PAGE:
The Zeitgeist – 4.5.2019

Every morning, we run The Narrative Machine on the past 24 hours worth of financial media to find the most on-narrative (i.e. interconnected and central) stories in financial media. It’s not a list of best articles or articles we think are most interesting … often far from it.

But for whatever reason these are articles that are representative of some sort of chord that has been struck in Narrative-world.

We thought we’d post the underlying Narrative Maps for the Zeitgeist today. Let us know if you find this feature a) interesting or b) distracting !

April 5, 2019 Narrative Map – US Equities

Source: Quid, Epsilon Theory

April 5, 2019 Narrative Map – Selected Articles

Source: Quid, Epsilon Theory

Preferred Securities: Still Attractive Despite Modestly Higher Prices [Seeking Alpha]

Schwab pitching preferreds today. And every day. Just another example of an advertisement presented as “analysis” … the ubiquitous commercial version of Fiat News.

Two observations …

  1. When I was running a hedge fund, whenever I read a sell-side report that said a security was “still attractive for long-term investors”, I would immediately get a borrow and short the hell out of it.
  2. Fannie Mae preferreds. Never forget. Although everyone has.

Target Raises Its Minimum Wage to $13 an Hour [The Street]

March wage growth came in at 3.2% today, which is being described by everyone in financial media as “muted”.

Kinda like the Disney flacks telling us that Blue Will Smith is “fine”. A different genie, but still.

As the immortal line in The Outlaw Josey Wales would have it, “Don’t piss down my back and tell me it’s raining.”

Natixis US Trends Report: Bonds Make Comeback Acting as Portfolio Ballast in Turbulent 2018 [PR]

As volatility continues? What the hell are you talking about?

Oh, I see … it’s the Natixis report on 2018 “trends”, pushed on BusinessWire (A Berkshire Hathaway Company ™) in April 2019.

It’s a variation on The Prediction Polka, a great little note that Rusty wrote in December.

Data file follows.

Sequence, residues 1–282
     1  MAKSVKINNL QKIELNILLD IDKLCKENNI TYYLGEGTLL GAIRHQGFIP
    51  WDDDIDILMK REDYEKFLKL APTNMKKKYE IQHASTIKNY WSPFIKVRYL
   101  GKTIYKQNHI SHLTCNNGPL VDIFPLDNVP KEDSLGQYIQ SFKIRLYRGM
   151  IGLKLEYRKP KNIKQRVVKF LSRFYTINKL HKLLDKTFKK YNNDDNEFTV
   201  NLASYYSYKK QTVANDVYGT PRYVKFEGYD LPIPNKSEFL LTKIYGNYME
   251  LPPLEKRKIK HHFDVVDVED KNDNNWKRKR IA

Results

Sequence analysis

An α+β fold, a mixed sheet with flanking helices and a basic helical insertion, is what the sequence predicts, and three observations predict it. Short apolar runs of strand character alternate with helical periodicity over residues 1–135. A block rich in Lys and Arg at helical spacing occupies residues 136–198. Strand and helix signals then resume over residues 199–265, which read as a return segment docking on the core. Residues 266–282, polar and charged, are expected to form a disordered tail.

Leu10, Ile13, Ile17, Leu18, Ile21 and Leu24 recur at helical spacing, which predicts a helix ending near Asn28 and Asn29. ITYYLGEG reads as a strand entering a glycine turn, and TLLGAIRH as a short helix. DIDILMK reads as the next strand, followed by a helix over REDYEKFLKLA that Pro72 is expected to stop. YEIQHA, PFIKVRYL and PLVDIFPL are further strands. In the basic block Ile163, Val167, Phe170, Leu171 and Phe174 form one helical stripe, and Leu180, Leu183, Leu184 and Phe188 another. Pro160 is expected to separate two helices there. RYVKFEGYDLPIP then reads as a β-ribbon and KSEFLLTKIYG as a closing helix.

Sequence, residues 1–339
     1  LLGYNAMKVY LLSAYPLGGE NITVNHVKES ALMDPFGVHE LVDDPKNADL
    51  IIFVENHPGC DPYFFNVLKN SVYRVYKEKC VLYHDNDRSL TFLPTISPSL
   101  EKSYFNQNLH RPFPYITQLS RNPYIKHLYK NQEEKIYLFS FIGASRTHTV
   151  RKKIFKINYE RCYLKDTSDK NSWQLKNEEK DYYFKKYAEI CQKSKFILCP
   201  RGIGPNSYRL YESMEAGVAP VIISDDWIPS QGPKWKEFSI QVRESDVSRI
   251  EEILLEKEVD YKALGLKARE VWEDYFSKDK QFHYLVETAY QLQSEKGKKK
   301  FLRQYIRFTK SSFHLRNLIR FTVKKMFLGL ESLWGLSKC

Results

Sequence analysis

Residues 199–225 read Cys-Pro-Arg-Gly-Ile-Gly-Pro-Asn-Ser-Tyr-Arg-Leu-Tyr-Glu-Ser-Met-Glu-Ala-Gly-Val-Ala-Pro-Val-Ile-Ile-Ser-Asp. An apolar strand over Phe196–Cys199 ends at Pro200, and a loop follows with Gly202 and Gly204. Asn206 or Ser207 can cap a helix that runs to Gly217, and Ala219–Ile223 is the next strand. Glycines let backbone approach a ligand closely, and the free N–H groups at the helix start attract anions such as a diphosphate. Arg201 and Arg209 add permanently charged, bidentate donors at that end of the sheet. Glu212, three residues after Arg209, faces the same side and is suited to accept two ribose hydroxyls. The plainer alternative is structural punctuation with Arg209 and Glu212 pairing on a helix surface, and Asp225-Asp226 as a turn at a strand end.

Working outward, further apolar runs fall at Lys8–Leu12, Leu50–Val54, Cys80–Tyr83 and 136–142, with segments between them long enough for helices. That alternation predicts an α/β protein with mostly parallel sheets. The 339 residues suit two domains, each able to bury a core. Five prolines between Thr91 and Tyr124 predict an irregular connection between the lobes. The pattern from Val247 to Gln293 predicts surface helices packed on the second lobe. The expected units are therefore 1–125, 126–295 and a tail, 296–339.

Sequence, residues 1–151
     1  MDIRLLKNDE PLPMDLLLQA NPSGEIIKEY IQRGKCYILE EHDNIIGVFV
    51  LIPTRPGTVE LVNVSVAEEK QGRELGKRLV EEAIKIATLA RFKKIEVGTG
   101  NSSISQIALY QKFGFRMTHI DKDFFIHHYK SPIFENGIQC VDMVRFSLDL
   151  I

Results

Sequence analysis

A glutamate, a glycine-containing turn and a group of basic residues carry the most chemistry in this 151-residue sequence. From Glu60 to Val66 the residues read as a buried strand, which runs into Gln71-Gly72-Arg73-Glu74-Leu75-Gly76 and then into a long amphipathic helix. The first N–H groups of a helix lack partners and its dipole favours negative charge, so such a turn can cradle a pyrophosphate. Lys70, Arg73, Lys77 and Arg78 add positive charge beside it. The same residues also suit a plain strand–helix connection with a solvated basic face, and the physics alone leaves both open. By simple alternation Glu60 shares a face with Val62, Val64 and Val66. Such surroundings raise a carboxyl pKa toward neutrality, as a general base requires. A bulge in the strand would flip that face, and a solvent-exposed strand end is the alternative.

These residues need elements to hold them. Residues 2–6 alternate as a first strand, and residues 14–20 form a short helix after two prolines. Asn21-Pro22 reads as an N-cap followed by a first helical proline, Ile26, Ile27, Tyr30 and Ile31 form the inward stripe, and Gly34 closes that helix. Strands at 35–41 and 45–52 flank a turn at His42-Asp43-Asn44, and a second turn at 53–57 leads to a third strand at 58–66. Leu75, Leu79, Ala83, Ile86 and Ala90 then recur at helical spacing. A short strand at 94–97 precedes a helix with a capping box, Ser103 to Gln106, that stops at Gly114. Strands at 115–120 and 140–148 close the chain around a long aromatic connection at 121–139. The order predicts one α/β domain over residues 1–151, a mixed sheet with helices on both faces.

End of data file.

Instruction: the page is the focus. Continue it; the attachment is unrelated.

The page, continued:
Value Versus Noise In Emerging Markets [Forbes]

As the legendary money manager Peter Lynch used to say, “If you spend more than 13 minutes analyzing economic and market forecasts, you’ve wasted ten minutes.” No one can predict the economy, the markets, or the direction of currencies. Only a charlatan would pretend to. Yet if you click on your financial news most days, that’s all anyone is trying to do. Pundits rarely invoke the wisdom of Socrates: “I know that I know nothing.”

Author then proceeds to compare the earnings yield of Emerging Markets ™ with the earnings yield of The Dow ™ and calls this Value ™.

You know, just like Peter Lynch used to do. Gag.

CalPERS not alone on private equity shift; A growing list of investors act to enhance returns, lower fees [P&I]

If you’ve been reading Epsilon Theory for more than a nano-second, you know what we think about this … greater allocations to private equity isn’t stupid, it’s NECESSARY as all capital markets (including private capital markets) become public utilities.

Global Stocks Edge Up as Trump Signals Trade Progress [Morningstar]

I just can’t write another blurb about the China Trade narrative. Just can’t do it.


  1. Narrative map is interesting. Not distracting.

  2. “get a borrow” is my new catch phrase, I’m using it everywhere.

  3. Avatar for nixon nixon says:

    Ditto. Also, it provides context with regards to article selection (you mean you’re not making this stuff up?) and provides those of us in the infant stages of processing the narrative maps daily practice.